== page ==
There’s been a quiet revolution in English HE policy. It appears that teaching quality and the student experience is no longer a problem to be solved by collective action on a grand scale – institutions merely may choose to improve their teaching if they feel that the market demands it.
For someone who cut their sector teeth in the 2000s era of big spending on teaching quality enhancement at multiple levels, this is a perplexing low point in government perceptions of change management. With OfS retreating from policy interventions of any kind, with the Higher Education Academy losing all remaining central funding as it merges into the Advance HE, we have to seriously ask who in England – if anyone – is actually thinking about the student experience nationally?
While the Scottish system has remained loyal to their “enhancement themes” the recent choice to focus on analytics suggests an instrumentalist turn that meshes with trends in the rest of the UK.
Dearing and “The Future of Higher Education”
Lord Dearing called – as many had before him – for an evidence-led revolution in higher education teaching practice. His words energised stalwarts in SEDA and elsewhere, successive Labour governments put money behind his promises – ensuring that all academics had access to research-led support in teaching, and that those who wanted to do their own research has funds and clear national support to do so.
HEFCE were not strangers to this – running a series of funded projects (FDTL) linked to and explicity addressing Subject Review findings, and supporting developments in educational technology, since the 90s. Dearing’s recommendations (and the 2003 White Paper) added a very visible agency superstructure to these efforts – with the Learning and Teaching Support Network and the Institute for Learning and Teaching brought into being, later to merge to become the Higher Education Academy.
But the Teaching Quality Enhancement Fund – which included ring-fenced allocations for learning and teaching support in each institution, alongside the National Teaching Fellowship Scheme – was perhaps the most popular intervention. Every institution was required to develop a Learning and Teaching Strategy, owned at a senior level, in order to access TQEF funding. And annual reports were required in order to monitor the way in which such funding was used against strategic goals.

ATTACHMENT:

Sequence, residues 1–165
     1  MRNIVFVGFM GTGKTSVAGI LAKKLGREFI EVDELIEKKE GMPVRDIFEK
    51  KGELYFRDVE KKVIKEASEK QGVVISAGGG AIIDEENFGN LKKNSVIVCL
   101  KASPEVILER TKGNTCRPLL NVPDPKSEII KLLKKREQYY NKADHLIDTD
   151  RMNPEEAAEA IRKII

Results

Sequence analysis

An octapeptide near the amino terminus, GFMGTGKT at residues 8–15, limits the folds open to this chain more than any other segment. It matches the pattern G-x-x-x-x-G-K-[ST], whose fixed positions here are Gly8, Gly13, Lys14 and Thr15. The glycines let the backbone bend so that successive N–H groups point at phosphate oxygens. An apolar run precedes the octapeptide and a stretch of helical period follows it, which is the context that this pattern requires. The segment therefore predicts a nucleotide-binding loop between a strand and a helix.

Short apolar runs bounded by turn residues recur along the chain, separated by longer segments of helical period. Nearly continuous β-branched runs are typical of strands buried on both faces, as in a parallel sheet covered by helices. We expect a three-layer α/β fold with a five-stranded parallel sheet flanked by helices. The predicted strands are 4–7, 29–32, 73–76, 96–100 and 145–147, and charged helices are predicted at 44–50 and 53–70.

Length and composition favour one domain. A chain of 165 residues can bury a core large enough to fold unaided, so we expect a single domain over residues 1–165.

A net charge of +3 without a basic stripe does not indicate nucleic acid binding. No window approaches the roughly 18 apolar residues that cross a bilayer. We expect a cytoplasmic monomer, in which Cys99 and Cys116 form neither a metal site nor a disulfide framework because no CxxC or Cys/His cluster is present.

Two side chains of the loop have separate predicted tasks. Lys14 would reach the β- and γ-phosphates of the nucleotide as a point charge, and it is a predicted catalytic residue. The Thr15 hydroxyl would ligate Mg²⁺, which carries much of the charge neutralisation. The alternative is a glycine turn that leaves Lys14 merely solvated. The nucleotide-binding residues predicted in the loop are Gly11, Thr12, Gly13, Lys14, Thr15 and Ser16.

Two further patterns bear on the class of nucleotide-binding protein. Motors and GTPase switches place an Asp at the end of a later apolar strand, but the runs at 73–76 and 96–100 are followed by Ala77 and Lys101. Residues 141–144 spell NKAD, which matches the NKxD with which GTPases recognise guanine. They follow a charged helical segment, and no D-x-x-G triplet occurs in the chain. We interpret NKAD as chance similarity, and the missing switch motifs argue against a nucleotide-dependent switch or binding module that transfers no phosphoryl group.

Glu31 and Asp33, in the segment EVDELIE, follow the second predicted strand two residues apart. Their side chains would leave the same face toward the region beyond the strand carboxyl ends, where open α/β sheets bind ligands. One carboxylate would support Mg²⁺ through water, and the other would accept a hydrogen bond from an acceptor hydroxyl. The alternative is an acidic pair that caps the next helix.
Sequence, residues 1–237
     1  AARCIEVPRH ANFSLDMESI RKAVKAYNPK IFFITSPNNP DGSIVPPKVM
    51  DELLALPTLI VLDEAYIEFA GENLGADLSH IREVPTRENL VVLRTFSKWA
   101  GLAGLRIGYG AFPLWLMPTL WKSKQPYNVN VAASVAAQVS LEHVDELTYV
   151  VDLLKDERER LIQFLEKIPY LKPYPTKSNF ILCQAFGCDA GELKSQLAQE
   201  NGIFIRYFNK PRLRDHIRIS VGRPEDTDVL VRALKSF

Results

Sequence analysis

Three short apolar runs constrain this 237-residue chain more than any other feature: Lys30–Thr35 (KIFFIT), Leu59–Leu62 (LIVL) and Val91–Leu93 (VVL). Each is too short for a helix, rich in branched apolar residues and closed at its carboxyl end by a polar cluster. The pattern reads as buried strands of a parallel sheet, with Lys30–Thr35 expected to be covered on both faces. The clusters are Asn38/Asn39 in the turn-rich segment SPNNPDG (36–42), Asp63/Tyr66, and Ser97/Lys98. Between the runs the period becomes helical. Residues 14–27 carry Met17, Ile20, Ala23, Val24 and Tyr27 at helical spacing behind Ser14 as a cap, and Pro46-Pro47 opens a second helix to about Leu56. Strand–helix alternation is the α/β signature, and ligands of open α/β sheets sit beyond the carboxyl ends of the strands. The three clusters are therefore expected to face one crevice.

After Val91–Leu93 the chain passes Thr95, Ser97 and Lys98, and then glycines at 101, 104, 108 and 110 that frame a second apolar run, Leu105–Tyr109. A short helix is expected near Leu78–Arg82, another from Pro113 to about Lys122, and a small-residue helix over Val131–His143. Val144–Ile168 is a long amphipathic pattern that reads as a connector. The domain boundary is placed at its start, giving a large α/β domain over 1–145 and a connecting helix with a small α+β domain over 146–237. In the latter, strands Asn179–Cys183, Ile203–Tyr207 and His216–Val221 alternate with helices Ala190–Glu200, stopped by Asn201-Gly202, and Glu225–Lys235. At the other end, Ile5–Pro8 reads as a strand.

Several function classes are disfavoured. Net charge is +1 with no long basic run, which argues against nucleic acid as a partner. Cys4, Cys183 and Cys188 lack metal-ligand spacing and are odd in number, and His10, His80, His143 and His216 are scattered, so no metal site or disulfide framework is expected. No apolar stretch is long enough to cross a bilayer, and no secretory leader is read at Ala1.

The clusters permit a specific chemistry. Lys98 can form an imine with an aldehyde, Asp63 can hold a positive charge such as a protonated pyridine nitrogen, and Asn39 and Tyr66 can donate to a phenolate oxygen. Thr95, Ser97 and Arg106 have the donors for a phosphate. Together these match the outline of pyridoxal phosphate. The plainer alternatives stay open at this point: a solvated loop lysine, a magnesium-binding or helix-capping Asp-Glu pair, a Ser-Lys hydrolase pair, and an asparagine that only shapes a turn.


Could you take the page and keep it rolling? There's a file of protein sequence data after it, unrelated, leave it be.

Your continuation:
The decline and fall
I’ve argued on Wonkhe before that the CETLs were the moment when the dream turned sour – 74 five-year funded projects (chosen by a panel led by one Madeleine Atkins in 2005) should have prompted a sea-change in practice, and kicked off a rolling allocation at a scale and ambition to rival the REF. But poor decisions at a national and local level, continued complaints from vice chancellors about ring-fenced funding, and the dawn of austerity, saw any hope of “CETLs 2” diminish rapidly. Even by the time evaluations were being launched it was clear that the golden age was over.
Meanwhile, HEFCE was busy extracting itself from funding arrangements with a number of sector agencies – beckoning in an era of closures, mergers and institutional subscriptions. The HE Academy changed Chief Executives rapidly, but was always caught between loyalty to its constituency of rank-and-file staff and a need to curry favour with the senior managers who sign the cheques. When their subject centres closed in 2011, the future seemed even bleaker.
Bell and HERA
By 2015, sector agencies were seen as a burden – one of many unwanted financial commitments for vice chancellors to rail against. It was the academy subscription letter that prompted its owner – Universities UK – to overturn a subscription model it had already approved, and launched a review that sent many a beacronymed sector stalwart running for cover.
Meanwhile, the TEF signalled an end to teaching enhancement policy in England – the invisible hand would adjust teaching to a quality level that satisfied both students and senior managers. A set of indicators that every institution would seek to raise with sticks rather than carrots had no need of educational research – after all learner analytics and learning gain meant we could identify what needed to be done in the seminar room by peering at data tables.
The LFHE was the most financially viable agency of all (it seems that VCs don’t like to skimp on senior staff development) and became the recipients of the less flush Academy and Equality Challenge Unit. Bell also called for closer links between Jisc, QAA, and HESA – an M5 group that has thus far seen office sharing and back-office consolidation.
Surely there are more mergers to follow – the number of rumours we have heard even this year suggest that our diagram may need to be further updated in the months to come. So there’ll be no teatowel for now, but do please enjoy this pdf and raise a glass or mug to the time we thought we could improve teaching practice by giving better support to those who are doing the actual teaching.
Remember these acronyms, these schemes and plans, because once it was different. Once there was the hope that someone took teaching in higher education seriously.
Those agencies in full
A pdf version, formatted for printing on A3 (preferred) or A4 paper, is available here.